You my think that I am cynical and bitter about you Conservatives treatment of my Motherland, Sri Lanka.   To be honest, yes, I am.

Let me be absolutely clear Deepak.   No one, absolutely no one is going to harm my Motherland, Sri Lanka, that nurtured me during my first 19 formative years of my life, unfairly.  The Motherland who taught me to read A-B-C-D in the alphabet and also taught me to add 2+2 and come up with the  magical number 4, Free without an educational fee right through the primary school, middle school, and high school years, until I was qualified enough to leave home to continue my studies abroad. And so did the now belly aching Tamils who enjoyed the free education right through their lives to become doctors, lawyers, engineers and you name it,  who now tell you how bad Sri Lanka was and has been. These Tamils are hocus-pocus storytellers.  You don’t have to believe them.  And that is the bottom line.


Asoka Weerasinghe (Mr.)

Traumatic Brain Injury among the Sri Lankan Combat Veterans

November 30th, 2013

  Dr.Ruwan M Jayatunge 

A significant number of Sri Lankan soldiers sustained head injuries during the Eelam War that lasted from 1983 to 2009. These head injuries mainly occurred due to gunshot wounds, mortar blast injuries, grenade explosions and artillery blasts. Traumatic Brain Injuries increased High morbidity and mortality rates among the Sri Lankan combatants. Traumatic Brain Injury (TBI) had been one of the signature injuries of the Eelam War.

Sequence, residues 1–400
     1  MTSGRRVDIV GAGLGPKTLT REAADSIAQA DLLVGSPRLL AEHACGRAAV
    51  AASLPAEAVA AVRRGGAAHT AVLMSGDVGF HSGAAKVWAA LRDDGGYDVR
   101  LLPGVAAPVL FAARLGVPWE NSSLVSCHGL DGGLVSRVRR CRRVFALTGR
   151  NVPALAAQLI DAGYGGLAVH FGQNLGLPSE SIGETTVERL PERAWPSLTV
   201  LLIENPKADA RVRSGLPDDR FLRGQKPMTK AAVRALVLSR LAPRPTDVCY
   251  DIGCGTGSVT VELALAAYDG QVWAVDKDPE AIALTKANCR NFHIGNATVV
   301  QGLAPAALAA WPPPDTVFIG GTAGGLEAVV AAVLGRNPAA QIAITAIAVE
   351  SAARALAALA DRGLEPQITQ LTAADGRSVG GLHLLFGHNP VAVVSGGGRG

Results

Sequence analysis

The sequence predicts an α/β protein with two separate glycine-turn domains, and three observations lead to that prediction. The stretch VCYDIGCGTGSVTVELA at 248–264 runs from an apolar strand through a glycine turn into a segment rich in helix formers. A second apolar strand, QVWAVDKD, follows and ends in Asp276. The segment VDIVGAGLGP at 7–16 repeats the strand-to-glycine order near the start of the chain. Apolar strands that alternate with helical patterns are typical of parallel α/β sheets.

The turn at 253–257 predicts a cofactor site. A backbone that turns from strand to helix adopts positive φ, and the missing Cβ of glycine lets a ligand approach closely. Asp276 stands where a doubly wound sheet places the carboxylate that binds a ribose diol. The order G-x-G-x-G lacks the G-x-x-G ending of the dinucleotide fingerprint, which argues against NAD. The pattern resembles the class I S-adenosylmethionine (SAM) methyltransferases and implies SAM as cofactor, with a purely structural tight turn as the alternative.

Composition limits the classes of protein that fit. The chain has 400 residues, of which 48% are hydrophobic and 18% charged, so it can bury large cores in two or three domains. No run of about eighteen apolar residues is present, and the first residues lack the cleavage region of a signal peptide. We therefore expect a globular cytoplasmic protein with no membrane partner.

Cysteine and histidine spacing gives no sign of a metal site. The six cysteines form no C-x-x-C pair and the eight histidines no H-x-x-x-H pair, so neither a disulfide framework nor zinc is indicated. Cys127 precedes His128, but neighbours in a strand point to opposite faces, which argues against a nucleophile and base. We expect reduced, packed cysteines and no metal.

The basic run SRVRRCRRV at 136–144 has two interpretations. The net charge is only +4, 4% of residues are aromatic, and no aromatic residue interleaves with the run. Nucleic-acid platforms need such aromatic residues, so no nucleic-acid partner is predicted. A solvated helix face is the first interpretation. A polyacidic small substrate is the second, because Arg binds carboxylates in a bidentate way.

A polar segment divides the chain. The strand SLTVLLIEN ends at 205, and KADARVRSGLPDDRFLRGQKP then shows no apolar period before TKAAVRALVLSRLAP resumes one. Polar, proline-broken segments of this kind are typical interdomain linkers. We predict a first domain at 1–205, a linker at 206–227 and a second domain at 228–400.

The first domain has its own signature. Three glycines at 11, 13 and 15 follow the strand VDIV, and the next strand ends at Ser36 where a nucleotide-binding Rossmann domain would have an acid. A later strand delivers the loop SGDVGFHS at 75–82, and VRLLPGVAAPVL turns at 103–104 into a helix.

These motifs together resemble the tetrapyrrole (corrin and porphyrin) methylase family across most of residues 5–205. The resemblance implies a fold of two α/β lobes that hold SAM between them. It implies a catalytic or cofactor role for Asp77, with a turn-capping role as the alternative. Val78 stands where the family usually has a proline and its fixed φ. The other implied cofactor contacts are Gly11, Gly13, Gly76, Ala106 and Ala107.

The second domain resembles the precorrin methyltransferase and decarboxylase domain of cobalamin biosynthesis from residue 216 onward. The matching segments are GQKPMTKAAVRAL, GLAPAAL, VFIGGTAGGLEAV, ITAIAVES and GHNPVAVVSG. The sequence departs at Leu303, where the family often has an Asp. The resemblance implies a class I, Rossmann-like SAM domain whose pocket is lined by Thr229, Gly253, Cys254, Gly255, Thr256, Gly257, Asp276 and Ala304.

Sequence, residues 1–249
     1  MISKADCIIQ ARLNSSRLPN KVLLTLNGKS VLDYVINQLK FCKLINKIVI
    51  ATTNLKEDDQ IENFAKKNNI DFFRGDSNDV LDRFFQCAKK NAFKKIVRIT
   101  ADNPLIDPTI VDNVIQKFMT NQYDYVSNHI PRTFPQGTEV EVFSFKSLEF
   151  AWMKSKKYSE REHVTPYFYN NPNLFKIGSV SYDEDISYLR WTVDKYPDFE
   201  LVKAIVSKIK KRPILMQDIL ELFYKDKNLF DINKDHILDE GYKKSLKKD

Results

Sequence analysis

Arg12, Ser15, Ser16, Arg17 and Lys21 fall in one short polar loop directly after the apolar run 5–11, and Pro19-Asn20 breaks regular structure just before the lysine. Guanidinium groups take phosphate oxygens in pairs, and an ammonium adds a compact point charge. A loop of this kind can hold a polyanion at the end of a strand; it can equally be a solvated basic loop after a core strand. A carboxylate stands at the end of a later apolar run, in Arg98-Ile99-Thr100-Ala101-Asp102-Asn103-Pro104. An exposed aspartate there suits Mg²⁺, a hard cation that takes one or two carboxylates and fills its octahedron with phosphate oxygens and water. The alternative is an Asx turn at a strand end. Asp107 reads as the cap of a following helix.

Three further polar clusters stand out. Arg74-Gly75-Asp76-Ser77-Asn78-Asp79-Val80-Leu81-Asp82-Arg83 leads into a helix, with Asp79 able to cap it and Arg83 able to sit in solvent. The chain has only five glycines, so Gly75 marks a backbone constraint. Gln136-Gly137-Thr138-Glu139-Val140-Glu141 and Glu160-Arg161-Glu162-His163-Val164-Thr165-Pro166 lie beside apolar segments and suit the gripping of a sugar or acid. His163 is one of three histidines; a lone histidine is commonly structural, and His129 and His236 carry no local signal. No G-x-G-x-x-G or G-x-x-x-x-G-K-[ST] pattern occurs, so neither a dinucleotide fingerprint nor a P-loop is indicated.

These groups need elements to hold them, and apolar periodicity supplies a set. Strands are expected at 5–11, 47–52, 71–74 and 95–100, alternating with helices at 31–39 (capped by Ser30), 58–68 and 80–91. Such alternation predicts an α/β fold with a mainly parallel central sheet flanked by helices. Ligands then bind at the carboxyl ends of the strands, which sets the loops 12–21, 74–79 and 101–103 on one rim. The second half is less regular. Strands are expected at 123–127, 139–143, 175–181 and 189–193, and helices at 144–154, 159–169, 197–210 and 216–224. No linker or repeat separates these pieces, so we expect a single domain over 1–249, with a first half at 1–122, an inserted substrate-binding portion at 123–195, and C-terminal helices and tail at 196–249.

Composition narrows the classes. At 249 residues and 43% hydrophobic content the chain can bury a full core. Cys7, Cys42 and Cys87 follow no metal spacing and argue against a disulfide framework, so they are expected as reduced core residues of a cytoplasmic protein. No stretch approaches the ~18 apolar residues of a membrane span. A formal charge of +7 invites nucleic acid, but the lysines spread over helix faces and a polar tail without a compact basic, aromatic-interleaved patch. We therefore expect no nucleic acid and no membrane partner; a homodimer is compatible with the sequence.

Traumatic brain injury has short and long term consequences. It affects the physical, social, psychological and occupational aspects of combatant’s life.  The combatants with severe TBI have permanent neurobiological damage with profound psychosocial problems. TBI has been identified as one of the disabling conditions among the combatants.

Traumatic brain injury (TBI) refers to a physiologically significant disruption of brain function resulting from the application of external physical force, including acceleration/deceleration forces (Silver et al, 2009). The victims experience emotional liability, sensory impairments, neuro- cognitive deficits and spasticity following traumatic brain injuries.

Traumatic brain injury is a common cause of neurological damage and disability among civilians and servicemen (Aux©m©ry, 2012). Schneider and colleagues (2009) elucidate that behaviorally the military population in general is considered to be a high risk group for TBI.  According to Scherer et al., (2013) within the last decade, more than 220,000 service members have sustained traumatic brain injury (TBI) in support of military operations in Iraq and Afghanistan.

In Sri Lanka from 1983 to 2009 over 200,000 military personal were deployed in the operational areas and considerable numbers sustained mild to severe head injuries following enemy attacks. In a convenience sample of 824 Sri Lankan Army servicemen who were referred to the Psychiatric ward Military Hospital Colombo during August 2002 to March 2006 time period 29 combatants (3.51%) were diagnosed  with TBI. These diagnoses were based on International Classification of Diseases- Tenth Revision (ICD-10) criteria and done by the Consultant Psychiatrist of the Sri Lanka Army.

The Immediate Impact of TBI